The Meaning of the Color Brown in Psychology

brown color psychology

Illustration by Cindy Chung, Verywell

According to color psychology, colors can evoke psychological reactions and influence how people feel and behave. The meaning of the color brown is influenced by individual experiences, cultural associations, and even the specific shade of the color.

Like most colors, brown can have positive and negative associations and meanings. Some of the key characteristics associated with brown in color psychology include:

  • A sense of strength and reliability. Brown is often seen as solid, much like the earth, and it's a color often associated with resilience, dependability, security, and safety.
  • Feelings of loneliness, sadness, and isolation. In large quantities, it can seem vast, stark, and empty, like an enormous desert devoid of life.
  • Feelings of warmth, comfort, and security. Brown is often described as natural, down-to-earth, and conventional, but brown can also be sophisticated.
  • Negative emotions. Like other dark colors, is associated with more negative emotions.

Symbolism of the Color Brown

The color brown is used to symbolize a variety of meanings. However, it is important to note that this can vary depending on the context and the cultural associations. Some common symbolism of brown includes:

  • Boredom
  • Earthiness
  • Simplicity
  • Appreciation
  • Warmth
  • Dullness
  • Timidity
  • Predictability
  • Protection
  • Groudedness
  • Honesty
  • Death
  • Decay
  • Comfort
  • Loneliness
  • Emptiness
  • Isolation
  • Wisdom

Because brown is the color of the earth, it is often used to symbolize nature, autumn, melancholy, or death.

Such symbolism can also be highly individual. One person might find brown a warm, comforting color because of their personal associations and experiences. Another person might find it a lonely, drab, or sad color because they associate it with those emotions.

Color Brown Meaning in Feng Shui

In feng shui, a system of harmonizing your environment, each color correlates to a specific feng shui element. Brown represents either wood, if it's dark and rich, or earth if it's light. Though it has an energetic, nurturing quality, brown should be used sparingly in your decorating and be well balanced with other colors to avoid a lack of ambition and drive. Blue is a good color to combine with brown because of the earth-water harmony.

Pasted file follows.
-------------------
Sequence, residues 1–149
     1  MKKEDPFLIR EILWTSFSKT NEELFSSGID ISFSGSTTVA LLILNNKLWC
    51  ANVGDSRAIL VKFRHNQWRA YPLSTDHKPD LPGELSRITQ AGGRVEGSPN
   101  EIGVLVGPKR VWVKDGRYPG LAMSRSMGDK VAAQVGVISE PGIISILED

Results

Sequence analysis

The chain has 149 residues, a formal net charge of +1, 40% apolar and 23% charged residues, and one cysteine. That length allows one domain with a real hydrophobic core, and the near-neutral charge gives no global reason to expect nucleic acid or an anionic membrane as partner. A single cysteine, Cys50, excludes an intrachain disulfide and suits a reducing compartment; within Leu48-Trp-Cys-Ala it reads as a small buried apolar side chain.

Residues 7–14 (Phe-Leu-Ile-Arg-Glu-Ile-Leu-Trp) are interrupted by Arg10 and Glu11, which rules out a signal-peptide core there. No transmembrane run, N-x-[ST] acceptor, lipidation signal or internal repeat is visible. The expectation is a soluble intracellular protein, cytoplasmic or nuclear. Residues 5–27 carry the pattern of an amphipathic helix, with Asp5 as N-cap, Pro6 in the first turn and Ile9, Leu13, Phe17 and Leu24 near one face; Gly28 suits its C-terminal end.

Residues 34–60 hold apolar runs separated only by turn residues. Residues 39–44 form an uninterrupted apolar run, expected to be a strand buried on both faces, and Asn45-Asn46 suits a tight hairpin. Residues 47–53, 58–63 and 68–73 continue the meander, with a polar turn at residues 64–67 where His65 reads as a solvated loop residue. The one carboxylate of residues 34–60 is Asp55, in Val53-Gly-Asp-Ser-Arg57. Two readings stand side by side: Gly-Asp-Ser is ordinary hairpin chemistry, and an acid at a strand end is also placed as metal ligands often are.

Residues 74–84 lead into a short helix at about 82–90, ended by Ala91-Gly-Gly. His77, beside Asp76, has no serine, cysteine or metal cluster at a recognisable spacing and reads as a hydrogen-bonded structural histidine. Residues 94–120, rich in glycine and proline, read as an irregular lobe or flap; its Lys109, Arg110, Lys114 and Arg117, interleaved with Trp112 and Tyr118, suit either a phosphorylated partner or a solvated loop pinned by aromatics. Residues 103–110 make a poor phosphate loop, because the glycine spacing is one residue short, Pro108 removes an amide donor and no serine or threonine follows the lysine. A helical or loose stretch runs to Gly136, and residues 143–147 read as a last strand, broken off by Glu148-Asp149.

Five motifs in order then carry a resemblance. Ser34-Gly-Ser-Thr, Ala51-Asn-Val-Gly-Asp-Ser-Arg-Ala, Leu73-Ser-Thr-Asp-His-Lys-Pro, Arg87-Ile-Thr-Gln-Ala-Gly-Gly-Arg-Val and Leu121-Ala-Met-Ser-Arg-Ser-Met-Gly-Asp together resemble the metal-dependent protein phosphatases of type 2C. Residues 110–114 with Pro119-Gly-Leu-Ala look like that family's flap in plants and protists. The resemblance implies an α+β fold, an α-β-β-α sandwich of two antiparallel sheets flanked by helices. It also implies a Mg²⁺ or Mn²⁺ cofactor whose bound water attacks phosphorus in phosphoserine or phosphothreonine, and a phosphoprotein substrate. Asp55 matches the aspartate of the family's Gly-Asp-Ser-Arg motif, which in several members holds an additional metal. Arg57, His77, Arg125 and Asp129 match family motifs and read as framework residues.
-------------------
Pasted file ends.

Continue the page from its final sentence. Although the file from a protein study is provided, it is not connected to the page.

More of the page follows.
Color Brown Meaning in Marketing

Color plays an important part in the psychology of marketing and branding and can influence people's perception of a brand's personality. It's more important to pick a color that supports the personality of your brand than it is to try to instill certain feelings in potential customers since everyone has different experiences and opinions.

In branding and marketing, brown is associated with reliability, dependability, and nurturing. Popular brands that use brown in their logos and marketing include UPS, Hershey's, Cotton, Edy's, J.P. Morgan, and M&Ms.

Color Brown Meaning in Love

In love, the color brown is often used to symbolize feelings of affection and closeness. It is often seen as a warm and comforting color, so it can be used to convey a sense of groundedness and close bonds.

What Does Brown Mean to You?

While there are generalities we can make about colors and what people associate with them, colors and our affinity toward them have a lot to do with our personalities, upbringing, environment, and experiences.

One recent study on how adults perceive color showed that more females than males chose brown as their overall favorite color. But it was still one of the three least favorite colors for both genders.

However, when it comes to clothing, brown was chosen as the fifth favorite color out of 18 total colors, including no preference. Brown was the second color choice for both men and women for their living rooms and the fourth choice for their bedrooms.

4 Sources
Verywell Mind uses only high-quality sources, including peer-reviewed studies, to support the facts within our articles. Read our editorial process to learn more about how we fact-check and keep our content accurate, reliable, and trustworthy.
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By Kendra Cherry, MSEd
Kendra Cherry, MS, is a psychosocial rehabilitation specialist, psychology educator, and author of the "Everything Psychology Book."